The market for YA books about euthanasia is going to be huge someday, so get on that now

So I booked my trip to Germany this week, which was a huge hit on the credit card, but at least I figured out the dates and times.  I’m going to be in Nuremberg for basically a weekend, and then Frankfurt for a week.  Travel times screw with that a bit, though.  I couldn’t figure out a flight to Nuremberg on a Thursday, and my first strike on all of the deal sites ended up looking like this: Wake up early for work on Thursday, work all day, take a twelve-hour flight from SFO to Zurich, then sit for eleven hours until I took an hour-long flight to Nuremberg.  Um, no.

I eventually found a trip where I left a little later on an SFO to Frankfurt flight, then sit around for almost seven hours until a half-hour flight to Nuremberg.  If I was smart, I’d skip the connecting flight and take a two-hour train ride, but I don’t know how to deal with the customs, luggage, tickets, etc.  I know everyone speaks English, but even in the same scenario in America, I’d get stressed out.  All of this means I have to sleep on the plane ride out, because there’s no way in hell I will be able to power through two days of no sleep and airports.  Sonata, take me away – I need to sleep on that flight.  And I will probably pay to get into one of those lounges at the airport and take a long shower and curl up with some WiFi and a power connection for the layover.  Hopefully there will be plenty of cased meat German goodness for me to consume during my wait.

Speaking of Germany, we bought a second car, actually a new primary car for S.  It’s the Jetta sportwagon, which is pretty nice.  It has all of the extras, like a huge moonroof, leather heated seats, and a whole armada of lights and motors and switches I will never understand.  I am fine with the Prius C as my daily driver, mostly because I don’t drive daily.  I’ve had the car for three months and put 800-some miles and only two tanks of gas in it.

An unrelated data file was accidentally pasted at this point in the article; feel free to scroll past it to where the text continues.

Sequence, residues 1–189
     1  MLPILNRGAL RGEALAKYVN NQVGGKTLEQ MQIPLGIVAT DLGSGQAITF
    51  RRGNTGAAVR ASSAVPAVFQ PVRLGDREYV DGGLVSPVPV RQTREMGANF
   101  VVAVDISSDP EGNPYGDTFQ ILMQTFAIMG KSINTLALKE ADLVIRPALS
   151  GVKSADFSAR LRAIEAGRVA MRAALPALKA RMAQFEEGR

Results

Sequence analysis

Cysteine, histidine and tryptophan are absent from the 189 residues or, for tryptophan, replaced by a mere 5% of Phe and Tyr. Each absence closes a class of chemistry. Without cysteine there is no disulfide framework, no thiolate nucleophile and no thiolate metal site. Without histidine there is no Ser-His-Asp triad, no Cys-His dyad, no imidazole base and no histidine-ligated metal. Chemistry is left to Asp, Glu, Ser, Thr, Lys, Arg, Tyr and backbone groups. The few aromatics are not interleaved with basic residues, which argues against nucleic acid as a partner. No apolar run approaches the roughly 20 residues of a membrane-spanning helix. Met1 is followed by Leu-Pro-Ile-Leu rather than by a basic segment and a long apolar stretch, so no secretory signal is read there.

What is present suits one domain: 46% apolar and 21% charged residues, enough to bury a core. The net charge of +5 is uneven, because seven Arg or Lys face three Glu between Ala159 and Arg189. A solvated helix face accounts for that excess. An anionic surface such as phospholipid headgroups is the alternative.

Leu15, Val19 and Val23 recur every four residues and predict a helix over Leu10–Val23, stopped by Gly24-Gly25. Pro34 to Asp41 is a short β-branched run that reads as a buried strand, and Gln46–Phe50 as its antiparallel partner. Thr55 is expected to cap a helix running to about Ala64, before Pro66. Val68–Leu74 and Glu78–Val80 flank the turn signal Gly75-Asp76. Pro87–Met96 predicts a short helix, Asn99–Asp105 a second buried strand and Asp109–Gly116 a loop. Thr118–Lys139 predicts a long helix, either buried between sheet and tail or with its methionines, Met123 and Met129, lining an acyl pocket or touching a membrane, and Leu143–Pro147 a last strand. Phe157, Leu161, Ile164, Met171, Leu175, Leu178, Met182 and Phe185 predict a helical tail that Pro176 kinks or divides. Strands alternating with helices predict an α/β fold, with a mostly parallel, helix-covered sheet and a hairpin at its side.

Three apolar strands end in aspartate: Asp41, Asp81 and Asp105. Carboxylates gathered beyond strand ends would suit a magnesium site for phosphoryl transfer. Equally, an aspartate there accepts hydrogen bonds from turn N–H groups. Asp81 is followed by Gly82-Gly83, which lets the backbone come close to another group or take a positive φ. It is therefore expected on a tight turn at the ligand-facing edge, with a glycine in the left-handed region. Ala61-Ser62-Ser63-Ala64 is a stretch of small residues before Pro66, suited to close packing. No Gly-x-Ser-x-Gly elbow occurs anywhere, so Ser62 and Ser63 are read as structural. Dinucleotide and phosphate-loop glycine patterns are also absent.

I’ve started a new book, which is good.  It’s a lot different than my other books, and that’s about all I can say about it, except that it’s been a little slow out of the gate, but is very heavily over-outlined and planned from the start.  It takes place in Seattle, which has been interesting for me.  Although I’m only a few days into it, I am hoping to keep up with my current rate and maybe get a draft done before Germany.  Fingers crossed on that.

Atmospheres has not sold at all.  It hasn’t been reviewed or mentioned or purchased, aside from one or two brief blips on the radar.  It’s fallen completely flat, and I went into a huge post-partum depression over that.  There’s nothing I can do about that except go out and try to write another book, but it’s extremely depressing to finish something you really love and then realize you have no audience at all for it.  I realize it’s a hard book to read, but it’s got some of my favorite writing in it, and went in a new direction for me, with a lot of rawness and honesty I haven’t been able to work into other books.

But it’s a tough sell, and it’s not the kind of thing I can shore up with ads and targeted mentions to communities like it’s a YA vampire book, because there isn’t really a community for this kind of shit.  I’ve been greatly distancing myself from the Bizarro community and the literary fiction category, and have completely forgotten about the alt-lit thing, because I’ve realized I don’t fit into any of those, and I don’t feel welcome.  This shit is high school all over again, and I’d rather write.  So, that’s what I do.

Not much else is up.  Still taking bass lessons, which has been good, except that my teacher let me play his Precision bass, which is one of those 50s reissues made in Japan in the late 80s, and it’s such a phenomenally awesome bass that I immediately want one.  I’ve got four basses, three that are never played, and I’ve been scheming some way to arbitrage my way into something else, maybe sell three and build one.  I should just fucking practice and stop thinking about it, but those vintage frets and lightweight bodies full of punch make me jones for something else.

It’s quickly becoming summer here.  It’s gout season right now, and I’ve got stiff joints and fingers and a clicky neck that makes me think I should just move into my chiropractor’s office.  Been reading that new Barry Miles bio on Burroughs, which I’m enjoying.  I have read too many Burroughs bios in the last six months, but this one is pretty solid.

I’m starving and 1500 words in for the day, so I need to look into some waffles or pancakes or bacon or all three.


Happy birthday, Wrath of Kon